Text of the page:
BC Continuing Care Collaborative: What Did We Learn?

By Lara Croll, M.A., BCCPA Policy Analyst

We have all heard it before – with the aging population, Canada including BC, is facing a tsunami as health care expenditures for seniors continues to rise. While these reports of a ‘silver tsunami’ may be exaggerated and many organizations are doing excellent work to champion innovative solutions to enhance care for BC’s seniors, all too often these are largely isolated efforts, with stakeholders working separately, often in silos. Unfortunately, the net result of this fragmentation is that there is little general agreement on how we will ensure that seniors in our province are going receive high-quality care and support over the next several decades.

Lara Croll

Working to change this isolation, the BC Care Providers Association (BCCPA) hosted the inaugural BC Continuing Care Collaborative (BCC3) at the SFU Morris J. Wosk Centre for Dialogue on September 20, 2016. The BCCPA, in partnership with the BC Ministry of Health, brought together over 140 stakeholders from across the continuing care sector to turn ideas into action. This diverse group of stakeholders included care providers, health authority representatives, labour unions, NGOs, research institutions, caregivers, the BC Senior’s Advocate, and seniors themselves, all dialoguing and building consensus around key issues pertaining to the future of senior’s care in BC.

The subject matter of the Collaborative was based around two major White Papers  released by the BCCPA in May 2016, which outlined a broad spectrum of potential options to enhance quality, improve sustainability and promote innovation in the continuing care sector. In particular, the stakeholders at the Collaborative voted in real time on policy options and strategies focused on five key issues: funding and financing of continuing care, enhancing dementia care, Continuing Care Hubs, as well as seniors well-being including health promotion and social isolation. While participants held diverse opinions and perspectives, some areas of agreement included:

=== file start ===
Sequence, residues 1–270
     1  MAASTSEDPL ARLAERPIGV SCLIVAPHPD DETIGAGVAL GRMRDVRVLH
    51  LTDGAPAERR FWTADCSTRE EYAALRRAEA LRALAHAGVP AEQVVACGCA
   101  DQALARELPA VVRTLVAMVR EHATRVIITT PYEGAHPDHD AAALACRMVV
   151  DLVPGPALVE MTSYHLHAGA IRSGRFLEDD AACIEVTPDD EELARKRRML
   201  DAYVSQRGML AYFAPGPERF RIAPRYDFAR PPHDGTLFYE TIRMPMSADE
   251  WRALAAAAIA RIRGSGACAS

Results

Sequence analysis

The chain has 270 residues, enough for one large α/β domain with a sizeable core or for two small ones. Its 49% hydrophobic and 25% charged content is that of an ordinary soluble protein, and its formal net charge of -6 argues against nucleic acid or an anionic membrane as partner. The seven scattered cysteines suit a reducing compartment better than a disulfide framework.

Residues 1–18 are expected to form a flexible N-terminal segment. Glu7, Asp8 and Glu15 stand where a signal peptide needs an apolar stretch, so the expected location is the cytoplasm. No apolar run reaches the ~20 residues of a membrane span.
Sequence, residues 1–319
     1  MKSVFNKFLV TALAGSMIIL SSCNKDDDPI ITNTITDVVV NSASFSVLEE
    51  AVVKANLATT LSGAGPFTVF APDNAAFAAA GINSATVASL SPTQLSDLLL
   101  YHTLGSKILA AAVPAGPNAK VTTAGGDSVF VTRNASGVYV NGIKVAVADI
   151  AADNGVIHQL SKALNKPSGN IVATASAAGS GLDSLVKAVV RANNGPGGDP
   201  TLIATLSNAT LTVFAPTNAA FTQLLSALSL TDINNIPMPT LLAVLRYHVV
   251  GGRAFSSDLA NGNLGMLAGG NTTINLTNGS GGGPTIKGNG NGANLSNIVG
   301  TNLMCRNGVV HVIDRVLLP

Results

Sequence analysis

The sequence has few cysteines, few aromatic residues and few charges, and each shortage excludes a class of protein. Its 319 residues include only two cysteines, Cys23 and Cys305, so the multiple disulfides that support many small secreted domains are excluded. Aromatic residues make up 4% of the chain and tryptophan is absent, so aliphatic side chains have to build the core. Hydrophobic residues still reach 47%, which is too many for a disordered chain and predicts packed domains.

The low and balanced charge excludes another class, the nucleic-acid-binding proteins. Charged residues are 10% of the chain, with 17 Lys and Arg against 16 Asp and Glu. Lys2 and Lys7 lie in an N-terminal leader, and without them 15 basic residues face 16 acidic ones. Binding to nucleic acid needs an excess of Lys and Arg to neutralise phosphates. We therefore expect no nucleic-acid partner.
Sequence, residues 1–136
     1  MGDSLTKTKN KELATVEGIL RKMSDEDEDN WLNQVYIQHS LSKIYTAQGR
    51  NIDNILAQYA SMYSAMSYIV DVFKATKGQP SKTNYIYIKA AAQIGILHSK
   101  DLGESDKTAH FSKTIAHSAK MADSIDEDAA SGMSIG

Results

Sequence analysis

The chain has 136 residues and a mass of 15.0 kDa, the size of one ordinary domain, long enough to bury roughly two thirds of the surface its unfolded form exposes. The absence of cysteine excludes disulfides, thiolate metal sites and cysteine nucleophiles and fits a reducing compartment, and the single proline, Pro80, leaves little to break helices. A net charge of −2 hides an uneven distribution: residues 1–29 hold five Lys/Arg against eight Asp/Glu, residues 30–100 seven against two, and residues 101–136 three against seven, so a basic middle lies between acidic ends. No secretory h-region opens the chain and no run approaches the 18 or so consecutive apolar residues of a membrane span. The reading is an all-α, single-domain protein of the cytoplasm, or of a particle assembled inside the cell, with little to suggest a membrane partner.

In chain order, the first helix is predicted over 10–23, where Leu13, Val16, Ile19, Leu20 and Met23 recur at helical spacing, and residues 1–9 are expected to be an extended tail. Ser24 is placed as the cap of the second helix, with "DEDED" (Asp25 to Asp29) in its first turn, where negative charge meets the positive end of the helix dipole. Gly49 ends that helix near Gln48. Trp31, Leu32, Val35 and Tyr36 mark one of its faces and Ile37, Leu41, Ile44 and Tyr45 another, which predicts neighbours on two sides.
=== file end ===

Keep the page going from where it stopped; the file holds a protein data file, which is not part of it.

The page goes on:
• 72% of BCC3 attendees agree that seniors could be given more choice with respect to their care through the allocation of public subsidies through vouchers or care credits rather than in-kind provision of services;
  • 93% of BCC3 attendees agree that the BC government should be prioritizing the development of Continuing Care Hubs that offer an expanded suite of community and health care services in rural areas of BC in order to help take pressure off emergency rooms and acute care hospital units; and
  • 84% of BCC3 participants indicated that they would prefer that care home operators receive funding through a mixed system of Performance and Activity Based Funding, rather than the current Global Funding system.
Dr. Darryl Plecas, MLA
Dr. Darryl Plecas, MLA

While the BC Continuing Care Collaborative was a precedent setting event in terms of the diversity of stakeholders that it brought together, the September 20th event was in fact the culmination of a significant consultation and engagement process that the BCCPA undertook over five months. In particular, the BCCPA in May of 2016 started a dialogue on the future of seniors’ care through a number of different avenues.